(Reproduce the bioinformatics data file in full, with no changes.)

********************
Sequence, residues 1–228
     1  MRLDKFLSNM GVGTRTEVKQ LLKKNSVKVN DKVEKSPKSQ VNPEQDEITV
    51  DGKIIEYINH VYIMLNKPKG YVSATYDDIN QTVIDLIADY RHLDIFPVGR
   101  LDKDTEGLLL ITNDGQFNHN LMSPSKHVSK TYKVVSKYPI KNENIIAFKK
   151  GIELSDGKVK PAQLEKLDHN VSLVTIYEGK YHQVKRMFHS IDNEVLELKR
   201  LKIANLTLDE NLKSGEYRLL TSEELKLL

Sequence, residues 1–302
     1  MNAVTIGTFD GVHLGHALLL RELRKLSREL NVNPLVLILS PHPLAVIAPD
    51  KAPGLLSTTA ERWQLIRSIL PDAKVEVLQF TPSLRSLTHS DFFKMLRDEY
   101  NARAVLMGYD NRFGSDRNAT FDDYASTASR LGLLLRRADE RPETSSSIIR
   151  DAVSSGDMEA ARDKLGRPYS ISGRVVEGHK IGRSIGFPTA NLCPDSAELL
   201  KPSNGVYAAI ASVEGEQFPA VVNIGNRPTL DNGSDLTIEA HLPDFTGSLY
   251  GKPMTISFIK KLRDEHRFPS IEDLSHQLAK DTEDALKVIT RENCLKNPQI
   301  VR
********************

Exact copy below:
Sequence, residues 1–228
     1  MRLDKFLSNM GVGTRTEVKQ LLKKNSVKVN DKVEKSPKSQ VNPEQDEITV
    51  DGKIIEYINH VYIMLNKPKG YVSATYDDIN QTVIDLIADY RHLDIFPVGR
   101  LDKDTEGLLL ITNDGQFNHN LMSPSKHVSK TYKVVSKYPI KNENIIAFKK
   151  GIELSDGKVK PAQLEKLDHN VSLVTIYEGK YHQVKRMFHS IDNEVLELKR
   201  LKIANLTLDE NLKSGEYRLL TSEELKLL

Sequence, residues 1–302
     1  MNAVTIGTFD GVHLGHALLL RELRKLSREL NVNPLVLILS PHPLAVIAPD
    51  KAPGLLSTTA ERWQLIRSIL PDAKVEVLQF TPSLRSLTHS DFFKMLRDEY
   101  NARAVLMGYD NRFGSDRNAT FDDYASTASR LGLLLRRADE RPETSSSIIR
   151  DAVSSGDMEA ARDKLGRPYS ISGRVVEGHK IGRSIGFPTA NLCPDSAELL
   201  KPSNGVYAAI ASVEGEQFPA VVNIGNRPTL DNGSDLTIEA HLPDFTGSLY
   251  GKPMTISFIK KLRDEHRFPS IEDLSHQLAK DTEDALKVIT RENCLKNPQI
   301  VR